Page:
I find beginnings and endings fun to write. Usually, I know how I want to begin and how I’d like my manuscript to end. Middles however can be bothersome. A real pain. And I don’t think I’m alone with that problem.
Most of the time, slow middles are easy to spot-at least in the work of others. Have you ever read the flap copy of a library book, scanned the first chapter, and knew you had a winner in your hands? You rushed home planning to read it stretch out on the sofa with a glass of iced tea. This book was so hot, you would spend the night on the sofa until you read the last page.
Then, somewhere in the middle, the momentum slowed. The tension stretched into limp elastic. If it wasn’t for your caffeinated tea, you would go to bed. What happened? Are there times when your writing suffers from this dilemma? How do you know?
Author Barbara Lowell turns to her critique group for answers. “You have
completed your first draft and done some revision. But you hear from your critique partners or beta readers that the middle of your manuscript is sagging. You know that you need to keep your story moving forward. And now it’s stuck in the middle. What can you do?
Try cutting. Cut anything that stops your story – unnecessary details, description, backstory, narrative, internal dialogue that will make the reader want to skip ahead. Every word in your manuscript needs to serve the story. It’s difficult to cut what you love, but if it has to be done to make your story work, then do it. To test this, put brackets around words, sentences, paragraphs, sections you think need cutting, and reread the manuscript out loud without them. A tighter story often solves the problem of a sagging middle.”
If not, what can you do to fix it? I’m a firm believer in the power of mentor texts. I love picture book biographies and I admire those who write them. As I read, I try to identify their “keep them reading” technique. Sometimes, it’s a question the author asks throughout the book. Keep reading to learn the answer.
Chris Barton uses this technique in WHAT DO YOU DO WITH A VOICE LIKE THAT? THE STORY OF EXTRADORINARY CONGRESSWOMAN BARBARA JORDAN. His middle never sagged.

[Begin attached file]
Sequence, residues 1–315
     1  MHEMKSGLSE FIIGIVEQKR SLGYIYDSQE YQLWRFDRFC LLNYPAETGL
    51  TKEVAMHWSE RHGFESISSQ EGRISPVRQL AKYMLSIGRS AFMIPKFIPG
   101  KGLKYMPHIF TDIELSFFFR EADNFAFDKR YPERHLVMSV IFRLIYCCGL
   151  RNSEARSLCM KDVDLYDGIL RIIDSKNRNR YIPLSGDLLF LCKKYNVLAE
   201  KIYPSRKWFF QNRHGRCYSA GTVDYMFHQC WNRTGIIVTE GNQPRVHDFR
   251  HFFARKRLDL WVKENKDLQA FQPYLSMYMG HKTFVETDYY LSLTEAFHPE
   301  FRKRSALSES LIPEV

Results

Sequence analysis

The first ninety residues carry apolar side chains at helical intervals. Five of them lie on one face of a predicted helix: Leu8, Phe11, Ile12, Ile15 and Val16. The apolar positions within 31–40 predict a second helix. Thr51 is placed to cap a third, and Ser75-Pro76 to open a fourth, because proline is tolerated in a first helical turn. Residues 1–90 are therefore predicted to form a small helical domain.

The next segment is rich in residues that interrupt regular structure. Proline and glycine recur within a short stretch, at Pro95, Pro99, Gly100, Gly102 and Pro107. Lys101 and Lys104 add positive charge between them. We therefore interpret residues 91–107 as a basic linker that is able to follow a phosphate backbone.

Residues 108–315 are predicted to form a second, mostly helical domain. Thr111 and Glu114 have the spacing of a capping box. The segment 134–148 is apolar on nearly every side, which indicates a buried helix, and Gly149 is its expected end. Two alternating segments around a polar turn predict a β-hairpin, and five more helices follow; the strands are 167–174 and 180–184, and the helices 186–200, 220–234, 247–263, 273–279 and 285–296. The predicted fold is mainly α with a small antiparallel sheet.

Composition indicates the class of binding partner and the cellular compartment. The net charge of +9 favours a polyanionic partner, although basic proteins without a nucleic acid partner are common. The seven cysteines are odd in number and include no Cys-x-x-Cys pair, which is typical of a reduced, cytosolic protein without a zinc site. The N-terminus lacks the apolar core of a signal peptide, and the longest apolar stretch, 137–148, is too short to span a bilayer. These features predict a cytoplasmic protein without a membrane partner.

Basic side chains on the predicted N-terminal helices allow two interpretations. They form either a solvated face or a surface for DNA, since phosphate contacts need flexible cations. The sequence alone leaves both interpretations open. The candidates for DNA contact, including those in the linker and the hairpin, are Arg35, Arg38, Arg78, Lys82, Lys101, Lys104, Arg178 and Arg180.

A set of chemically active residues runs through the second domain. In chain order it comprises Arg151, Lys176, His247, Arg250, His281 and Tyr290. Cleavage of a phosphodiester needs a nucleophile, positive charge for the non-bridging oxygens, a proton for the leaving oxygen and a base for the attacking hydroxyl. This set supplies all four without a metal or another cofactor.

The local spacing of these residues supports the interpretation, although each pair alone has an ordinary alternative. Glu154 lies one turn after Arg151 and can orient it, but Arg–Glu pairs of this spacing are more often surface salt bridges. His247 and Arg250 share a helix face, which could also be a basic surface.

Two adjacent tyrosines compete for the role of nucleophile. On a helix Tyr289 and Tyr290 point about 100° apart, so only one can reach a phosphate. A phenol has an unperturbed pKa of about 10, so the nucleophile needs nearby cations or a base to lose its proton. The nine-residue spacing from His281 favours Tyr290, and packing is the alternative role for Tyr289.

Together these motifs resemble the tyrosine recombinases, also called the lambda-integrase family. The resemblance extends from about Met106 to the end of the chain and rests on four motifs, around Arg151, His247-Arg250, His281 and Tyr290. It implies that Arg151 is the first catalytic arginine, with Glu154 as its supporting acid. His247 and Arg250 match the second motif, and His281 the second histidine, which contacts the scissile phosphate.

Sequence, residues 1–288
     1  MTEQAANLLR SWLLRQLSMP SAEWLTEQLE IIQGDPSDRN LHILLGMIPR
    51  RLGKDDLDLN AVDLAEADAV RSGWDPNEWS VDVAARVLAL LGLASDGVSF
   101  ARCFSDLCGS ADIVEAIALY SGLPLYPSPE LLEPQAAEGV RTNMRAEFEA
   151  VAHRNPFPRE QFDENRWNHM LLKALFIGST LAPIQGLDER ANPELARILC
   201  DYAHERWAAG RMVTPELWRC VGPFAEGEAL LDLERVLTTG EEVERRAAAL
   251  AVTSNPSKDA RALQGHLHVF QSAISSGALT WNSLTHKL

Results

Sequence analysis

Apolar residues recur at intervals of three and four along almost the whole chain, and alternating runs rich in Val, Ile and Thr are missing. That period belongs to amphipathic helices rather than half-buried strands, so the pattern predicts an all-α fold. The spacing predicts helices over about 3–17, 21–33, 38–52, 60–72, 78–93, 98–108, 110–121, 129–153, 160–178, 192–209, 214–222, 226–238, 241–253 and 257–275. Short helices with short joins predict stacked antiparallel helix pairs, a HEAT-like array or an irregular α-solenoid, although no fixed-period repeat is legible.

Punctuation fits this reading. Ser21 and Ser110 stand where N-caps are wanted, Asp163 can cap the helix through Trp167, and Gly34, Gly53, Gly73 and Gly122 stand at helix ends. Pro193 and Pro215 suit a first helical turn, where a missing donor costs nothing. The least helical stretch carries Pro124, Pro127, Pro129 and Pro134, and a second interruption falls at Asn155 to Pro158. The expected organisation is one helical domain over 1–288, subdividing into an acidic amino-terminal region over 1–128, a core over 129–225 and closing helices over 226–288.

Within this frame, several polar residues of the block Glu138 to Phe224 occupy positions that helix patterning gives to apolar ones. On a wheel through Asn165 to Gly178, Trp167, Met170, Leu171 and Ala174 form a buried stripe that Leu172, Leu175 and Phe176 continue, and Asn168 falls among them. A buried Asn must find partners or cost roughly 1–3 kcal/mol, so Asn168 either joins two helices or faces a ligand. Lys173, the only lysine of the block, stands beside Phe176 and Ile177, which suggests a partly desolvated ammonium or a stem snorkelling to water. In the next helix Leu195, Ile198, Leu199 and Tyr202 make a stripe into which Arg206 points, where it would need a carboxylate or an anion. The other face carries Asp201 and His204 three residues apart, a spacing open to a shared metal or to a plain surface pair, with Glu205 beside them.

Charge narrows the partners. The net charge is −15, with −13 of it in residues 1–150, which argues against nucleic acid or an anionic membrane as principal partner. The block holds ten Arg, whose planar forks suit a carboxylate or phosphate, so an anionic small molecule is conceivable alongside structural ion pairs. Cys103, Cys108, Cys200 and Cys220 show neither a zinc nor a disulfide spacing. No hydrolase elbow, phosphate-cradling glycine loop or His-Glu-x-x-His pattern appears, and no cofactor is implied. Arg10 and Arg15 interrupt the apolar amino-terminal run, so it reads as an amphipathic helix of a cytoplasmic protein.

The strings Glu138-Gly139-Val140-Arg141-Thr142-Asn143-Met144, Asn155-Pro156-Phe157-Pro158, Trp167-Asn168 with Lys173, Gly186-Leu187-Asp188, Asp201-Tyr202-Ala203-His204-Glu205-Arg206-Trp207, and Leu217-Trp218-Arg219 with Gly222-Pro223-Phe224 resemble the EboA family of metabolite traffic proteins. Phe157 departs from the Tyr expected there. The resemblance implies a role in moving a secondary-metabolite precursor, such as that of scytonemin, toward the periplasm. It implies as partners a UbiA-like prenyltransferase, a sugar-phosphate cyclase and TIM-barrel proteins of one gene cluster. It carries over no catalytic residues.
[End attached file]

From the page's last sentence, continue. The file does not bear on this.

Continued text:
Another book that used a similar technique is
by Olugbemisola Rhuday-Perkovich. She uses the refrain, Someday Is Now when Clara Luper’s
group of students start to plan sit-ins. The author switches to Someday Was Now
when they actually sit-in. What happened during the sit-ins? Where the students hurt?
Readers will want to know the answers.
I asked author, Kim Ventrella how she handles middles in her novels.
“Oh the horror of the saggy middle. It’s almost as bad as the dreaded ’soggy bottom’ in British baking. So how do you avoid it? Of course, every story is different, but in general, it's around this time in the story when your character moves from simply reacting to external events to driving the action. If you get to the middle and your character is still being ping-ponged around by external forces, see how you can change that. Challenge your main character to make her own plans and take control of the action.”
Alice Faye Duncan uses another technique to keep readers engaged. “Before I begin a writing project, I often identify some symbol as my reoccurring motif. When the middle slumps, I brood over the many facets of my symbol and in due season, I find overlooked elements to support the middle. While writing A SONG FOR GWENDOLYN BROOKS, my reoccurring image was a flower. As the middle slogged along, it came to me that a bloom is a bud before maturation. This metaphor was just what I needed to precisely express the poet's development between childhood and her Pulitzer Prize writing career.”
As I read Alice’s comments, I immediately connected with them. I had a symbol at the beginning of a story, then I let it disappear and I was stuck. Now, I can see a way to pump up my middle. I challenge you to think about the above ideas. Try them with your writing projects.
Posted by Gwendolyn Hooks